By Bob Urichuck
Organizations often promote the best salespeople into management whether they desire to be there or not—it is seen as a promotion or reward for the results they achieved. However, being a great salesperson does not make someone a great sales manager.
The toughest job of being a sales manager is demonstrating appropriate sales behavior—behavior you would like to see your sales team follow. Because you demonstrated successful behaviors with your buyers to get sales, does not mean the same behaviors will increase your sales team’s results.
So, what would be the appropriate sales discipline (behavior) for sales managers to demonstrate?
• Always makeyourself available to your team members or spend time with management?
• Assign targets to each, or engage each to come up with their own target and draft sales plan?
• Monitor their numbers or their behaviors?
• Tell your salespeople what to do, or are you engaging them?
• Lead salespeople or empower them to obtain commitment?
• Demonstrate the behaviors you are training and coaching them on, or you are too busy kissing butt upwards to do that.
These are just a few questions you need to answer for yourself, and there are a lot more.
• How can you expect results if you follow traditional sales management ways?
• How do you think telling people what to do makes them feel?
• Do you like to be told what to do by your boss?
• How does it make you feel when you are told what to do?
• How does it make buyers feel when your sales team demonstrates the same telling behavior?
Ownership generates commitment
Most salespeople don’t like to be told what to do. Neither do customers. Andyet that is usually what selling is all about—telling. When you are telling it indicates lack of engagement, trust and empowerment. Is that what you want?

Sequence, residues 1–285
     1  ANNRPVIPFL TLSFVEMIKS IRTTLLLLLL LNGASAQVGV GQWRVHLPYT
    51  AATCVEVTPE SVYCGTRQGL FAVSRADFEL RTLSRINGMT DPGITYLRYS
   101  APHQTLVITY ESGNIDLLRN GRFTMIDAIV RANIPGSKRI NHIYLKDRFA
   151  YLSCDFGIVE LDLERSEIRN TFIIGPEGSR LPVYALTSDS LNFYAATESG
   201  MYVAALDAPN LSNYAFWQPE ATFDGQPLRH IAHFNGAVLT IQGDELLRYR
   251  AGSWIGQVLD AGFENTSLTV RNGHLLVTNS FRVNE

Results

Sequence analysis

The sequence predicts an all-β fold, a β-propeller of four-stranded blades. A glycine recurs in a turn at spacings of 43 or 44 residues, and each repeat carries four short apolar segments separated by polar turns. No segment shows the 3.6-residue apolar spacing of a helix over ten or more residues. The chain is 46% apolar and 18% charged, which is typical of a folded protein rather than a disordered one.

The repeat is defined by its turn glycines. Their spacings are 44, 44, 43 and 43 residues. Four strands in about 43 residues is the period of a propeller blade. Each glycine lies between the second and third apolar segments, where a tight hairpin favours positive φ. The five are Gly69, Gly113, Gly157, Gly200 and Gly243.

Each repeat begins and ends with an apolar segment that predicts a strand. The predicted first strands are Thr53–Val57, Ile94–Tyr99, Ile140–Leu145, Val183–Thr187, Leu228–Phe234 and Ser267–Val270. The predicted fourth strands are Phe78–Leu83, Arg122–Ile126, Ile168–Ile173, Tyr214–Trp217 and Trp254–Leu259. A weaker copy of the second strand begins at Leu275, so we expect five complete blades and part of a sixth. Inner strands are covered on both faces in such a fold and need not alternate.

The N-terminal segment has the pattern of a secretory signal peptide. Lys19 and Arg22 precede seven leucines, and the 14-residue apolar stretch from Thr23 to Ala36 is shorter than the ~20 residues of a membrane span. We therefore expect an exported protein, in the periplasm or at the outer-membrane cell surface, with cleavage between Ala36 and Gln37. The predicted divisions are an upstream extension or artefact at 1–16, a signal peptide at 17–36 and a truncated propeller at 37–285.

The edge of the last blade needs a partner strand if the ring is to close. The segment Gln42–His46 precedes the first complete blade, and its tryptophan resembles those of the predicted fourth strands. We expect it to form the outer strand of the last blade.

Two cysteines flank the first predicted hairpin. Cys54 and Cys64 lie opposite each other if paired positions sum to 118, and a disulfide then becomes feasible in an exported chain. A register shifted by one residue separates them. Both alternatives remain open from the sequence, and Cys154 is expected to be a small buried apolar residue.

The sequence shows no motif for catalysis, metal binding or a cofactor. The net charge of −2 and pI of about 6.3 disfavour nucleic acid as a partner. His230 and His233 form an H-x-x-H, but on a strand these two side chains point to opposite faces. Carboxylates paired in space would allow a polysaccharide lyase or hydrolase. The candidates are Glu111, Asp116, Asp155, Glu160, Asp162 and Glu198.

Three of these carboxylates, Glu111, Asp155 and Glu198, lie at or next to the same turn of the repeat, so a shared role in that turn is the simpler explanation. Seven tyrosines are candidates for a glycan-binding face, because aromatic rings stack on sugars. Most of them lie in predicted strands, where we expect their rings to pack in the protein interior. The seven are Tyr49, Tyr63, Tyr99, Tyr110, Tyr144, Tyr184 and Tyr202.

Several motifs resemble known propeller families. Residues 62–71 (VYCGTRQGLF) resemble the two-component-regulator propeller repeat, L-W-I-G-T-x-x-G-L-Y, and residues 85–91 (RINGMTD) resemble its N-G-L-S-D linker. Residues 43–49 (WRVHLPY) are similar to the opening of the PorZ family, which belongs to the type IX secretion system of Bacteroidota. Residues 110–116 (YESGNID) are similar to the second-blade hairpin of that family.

It is no longer about you or top management—it is about the buyer. And the buyer in your case is your sales team. Do they buy into your sales management ways? If not, you will not lead results. If they do, the results will flow easily!
Who knows their market or territory best— top management, you (the sales manager) or the sales rep?
What if you engaged the sales rep into setting the revenue target for their market or territory? Do you think it would be lower or higher?
The chances are that it will be higher, and in some cases lower. Either way you may have to do some negotiations up or down, but the point is, in the end, who owns the number— top management, sales management or the sales rep?
When someone has ownership, there is commitment. Commitment is what sales managers and salespeople have to obtain to lead results.
Next, what would happen if you got each member of your sales team to draft a sales plan and present it back to the team for feedback before finalizing? Once they finalize it and sign it off, who owns it?
Finally, as a sales manager should you manage the numbers or each salesperson’s behavior according to the sales plan? Is it not the behavior that people demonstrate that gets the numbers? Also, would it not be easier to managetheir behaviors instead?
Sales professionals, buyers and probably you, too, like to be engaged. To be engaged means to be involved. Being involved is the second biggest motivating factor in the workplace. Everyone wants to contribute to the success of their organization. When you are involved, you feel empowered, trusted and become more motivated and committed because you own the idea.
Are you involving your salespeople, or are you telling them what to do? Are your salespeople asking questions of their buyers or are they telling them about their company and its products and services. The chances are they are doing exactly what you are doing— monkey see, monkey do.
Be aware. What monkey do you see, and what are you doing?
Bob Urichuck is an internationally sought after speaker, trainer—founder of the ““Buyer Focused” Velocity Selling System—and best-selling author in six languages. His latest books, Velocity Selling: How to Attract, Engage and Empower Buyers to Buy, and How to Motivate Your Team in 30 Days are new in 2014.
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